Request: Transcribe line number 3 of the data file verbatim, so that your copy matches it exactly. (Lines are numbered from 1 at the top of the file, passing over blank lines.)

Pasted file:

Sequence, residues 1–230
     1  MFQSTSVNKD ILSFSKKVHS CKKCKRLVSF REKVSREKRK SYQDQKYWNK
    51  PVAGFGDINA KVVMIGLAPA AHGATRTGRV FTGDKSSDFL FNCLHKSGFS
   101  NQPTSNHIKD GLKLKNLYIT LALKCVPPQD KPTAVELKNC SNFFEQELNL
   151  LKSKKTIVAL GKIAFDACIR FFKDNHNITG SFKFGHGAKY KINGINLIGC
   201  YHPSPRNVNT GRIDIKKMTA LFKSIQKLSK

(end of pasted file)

    51  PVAGFGDINA KVVMIGLAPA AHGATRTGRV FTGDKSSDFL FNCLHKSGFS